Plate upon plate of raw veggies, meat, and seafood continue to present themselves at the table. Some are on skewers. One looks like chicken. I ask. It's chicken. "Which part?" I request. The translator points to his ribs. Great! I bring myself immediately back to that time in Colombia at the emerald mines when they served us chicken for lunch. It's a mining town, and there's no time to waste. Who raises chickens in a mining town? No one . They had to get chicken from the neighboring village. But I don't think it wasn't mature enough to eat\. They bowl the chicken with all the innards and toss it all out on the table on a big piece of paper with a bunch of rice, kind of like a Low Country Boil. I remember getting a chicken-part in my mouth, thinking it was some strange vegetable, but realizing soon after that it was a lung. Yeah, not again.
Rib-meat sounds good! Its skewered on a flat chopstick. We place them in the boiling broth. When it seems like enough time has passed for the sinews to have individualized, I bring the stick to my mouth and pull a rib off. It doesn't chew. At all. I put the stick down and take the rib out of my mouth and rotate it, attempting to find something edible. No luck. Maybe its just for flavor? I attempt one last time, upon which I curse under my breath and toss it onto my no-thank-you plate and cover it with a napkin. "Maybe you cannot accept that," the translator says as he sees me cover it. I pass the skewer over to him and he proceeds to gnaw. I pretend to fish around in the hot pot, rather a distraction as I am really watching this guy out of the periphery of my right eye, trying not to stare. I can't describe well what this guy did to these chicken ribs. A combination of slurps and chomps, teeth sharpening like a dog that gets a fresh bone. He goes through the skewer in two minutes flat. At least 5 ribs. I ponder what zombie apocalypse might look like in China and unconsciously slide my chair a few inches away from the guy.
Meat boils in 60 seconds, and the fat collects on the side of the boil. One host systematically removes the fat from our soup and puts it to one side. When the soup boils low, the waitress comes to fill it up again, aptly timed while one host is off procuring another round of sauce bliss. He returns to see the full soup pot and his face droops. I ask him what's wrong. He says he has been waiting for the soup to boil down so that he could add rice and make a porridge, particularly since all the meat fat and juice has boiled off in the soup. Adding broth should be an inquiry, not a standard procedure. He proceeds to pull broth from the mild side of the hot pot to the spicy side, diluting my enjoyment. He pours in a bowl of rice and gets up to pour himself a soda. I think to myself, all I have to do is eat a little out of the mild side, and half of the liquid will end up on the table, and his porridge will be ready faster. I saturate my fifth napkin, and shove it under my plate.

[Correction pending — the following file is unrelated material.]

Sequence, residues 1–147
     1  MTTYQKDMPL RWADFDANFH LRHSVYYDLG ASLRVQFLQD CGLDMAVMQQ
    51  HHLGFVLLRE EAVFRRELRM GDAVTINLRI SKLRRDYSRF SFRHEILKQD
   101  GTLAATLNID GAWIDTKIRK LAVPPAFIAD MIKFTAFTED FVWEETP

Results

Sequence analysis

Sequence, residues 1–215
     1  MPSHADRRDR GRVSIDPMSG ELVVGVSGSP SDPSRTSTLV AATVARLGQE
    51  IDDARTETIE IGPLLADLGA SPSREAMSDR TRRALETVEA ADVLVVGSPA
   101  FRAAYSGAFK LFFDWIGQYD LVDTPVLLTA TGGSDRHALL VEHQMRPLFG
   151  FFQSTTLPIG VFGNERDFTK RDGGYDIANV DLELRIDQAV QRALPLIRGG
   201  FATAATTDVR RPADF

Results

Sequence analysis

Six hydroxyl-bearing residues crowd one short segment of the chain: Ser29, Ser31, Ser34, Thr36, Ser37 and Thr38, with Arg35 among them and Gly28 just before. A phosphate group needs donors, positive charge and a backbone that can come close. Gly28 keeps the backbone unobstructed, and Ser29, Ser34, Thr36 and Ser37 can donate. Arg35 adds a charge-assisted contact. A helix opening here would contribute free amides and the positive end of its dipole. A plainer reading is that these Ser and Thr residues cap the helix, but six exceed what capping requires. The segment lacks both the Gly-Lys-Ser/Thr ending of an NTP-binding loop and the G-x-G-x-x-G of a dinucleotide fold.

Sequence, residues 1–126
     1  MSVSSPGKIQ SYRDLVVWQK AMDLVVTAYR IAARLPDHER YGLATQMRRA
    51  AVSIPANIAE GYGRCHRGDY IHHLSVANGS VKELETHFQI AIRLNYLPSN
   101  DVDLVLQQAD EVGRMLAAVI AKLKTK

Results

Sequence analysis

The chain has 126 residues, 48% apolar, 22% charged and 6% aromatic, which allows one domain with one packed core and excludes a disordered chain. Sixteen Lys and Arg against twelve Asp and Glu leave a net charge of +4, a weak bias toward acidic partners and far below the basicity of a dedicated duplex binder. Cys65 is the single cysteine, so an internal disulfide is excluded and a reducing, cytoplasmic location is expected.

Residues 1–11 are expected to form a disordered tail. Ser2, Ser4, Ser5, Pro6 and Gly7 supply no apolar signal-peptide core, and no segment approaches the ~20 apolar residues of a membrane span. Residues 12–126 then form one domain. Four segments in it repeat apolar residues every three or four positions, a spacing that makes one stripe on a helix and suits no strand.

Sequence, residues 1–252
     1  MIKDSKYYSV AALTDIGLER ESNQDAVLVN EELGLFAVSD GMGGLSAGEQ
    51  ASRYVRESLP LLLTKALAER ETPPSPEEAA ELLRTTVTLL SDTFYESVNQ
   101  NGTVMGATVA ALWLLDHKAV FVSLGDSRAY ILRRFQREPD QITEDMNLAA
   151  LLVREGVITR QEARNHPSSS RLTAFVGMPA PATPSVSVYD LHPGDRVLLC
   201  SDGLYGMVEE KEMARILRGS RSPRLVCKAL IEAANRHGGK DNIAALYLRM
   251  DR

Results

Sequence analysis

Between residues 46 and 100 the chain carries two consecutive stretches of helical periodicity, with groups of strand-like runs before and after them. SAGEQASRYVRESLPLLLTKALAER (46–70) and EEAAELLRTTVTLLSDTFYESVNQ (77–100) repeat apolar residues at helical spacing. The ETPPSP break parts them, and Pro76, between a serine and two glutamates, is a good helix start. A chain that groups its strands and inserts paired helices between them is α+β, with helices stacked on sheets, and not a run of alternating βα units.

A lady at the table tosses some seafood into our shared spicy broth. I can't discern what it is. In China, "seafood" means "you see, its food." I think it's like the "Other" category on a multiple choice test. Or rather, "All of The Above". I'm staring at newly arrived plates, wondering which side of the hot pot they are going into. I do see some tentacles. Maybe it's octopus? Squid? Maybe it's Fukushima? I have no idea. I think it's time to get the waitress to remove my maybe-no-accept plate. I foresee filling up another one soon if I have the great misfortune of reeling in more chew-toys. I start to think that pecking at the broth with chopsticks rather than with my holy spoon might be a better safety protocol.